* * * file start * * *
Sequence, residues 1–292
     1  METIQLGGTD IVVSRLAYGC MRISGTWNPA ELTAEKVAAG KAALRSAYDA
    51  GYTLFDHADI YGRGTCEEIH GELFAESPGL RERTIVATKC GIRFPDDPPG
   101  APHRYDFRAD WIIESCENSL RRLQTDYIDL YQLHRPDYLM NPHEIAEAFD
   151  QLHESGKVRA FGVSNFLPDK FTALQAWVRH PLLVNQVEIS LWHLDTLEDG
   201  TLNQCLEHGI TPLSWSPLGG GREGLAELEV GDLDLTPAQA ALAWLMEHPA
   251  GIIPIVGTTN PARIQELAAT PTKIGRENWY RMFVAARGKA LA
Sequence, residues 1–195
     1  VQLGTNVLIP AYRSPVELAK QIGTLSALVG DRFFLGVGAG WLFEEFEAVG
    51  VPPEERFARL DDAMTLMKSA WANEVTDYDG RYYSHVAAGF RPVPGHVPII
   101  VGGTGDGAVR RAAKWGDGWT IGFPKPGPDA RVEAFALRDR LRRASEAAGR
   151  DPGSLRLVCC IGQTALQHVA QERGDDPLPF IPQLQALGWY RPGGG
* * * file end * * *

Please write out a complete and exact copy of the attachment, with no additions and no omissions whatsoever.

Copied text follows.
Sequence, residues 1–292
     1  METIQLGGTD IVVSRLAYGC MRISGTWNPA ELTAEKVAAG KAALRSAYDA
    51  GYTLFDHADI YGRGTCEEIH GELFAESPGL RERTIVATKC GIRFPDDPPG
   101  APHRYDFRAD WIIESCENSL RRLQTDYIDL YQLHRPDYLM NPHEIAEAFD
   151  QLHESGKVRA FGVSNFLPDK FTALQAWVRH PLLVNQVEIS LWHLDTLEDG
   201  TLNQCLEHGI TPLSWSPLGG GREGLAELEV GDLDLTPAQA ALAWLMEHPA
   251  GIIPIVGTTN PARIQELAAT PTKIGRENWY RMFVAARGKA LA
Sequence, residues 1–195
     1  VQLGTNVLIP AYRSPVELAK QIGTLSALVG DRFFLGVGAG WLFEEFEAVG
    51  VPPEERFARL DDAMTLMKSA WANEVTDYDG RYYSHVAAGF RPVPGHVPII
   101  VGGTGDGAVR RAAKWGDGWT IGFPKPGPDA RVEAFALRDR LRRASEAAGR
   151  DPGSLRLVCC IGQTALQHVA QERGDDPLPF IPQLQALGWY RPGGG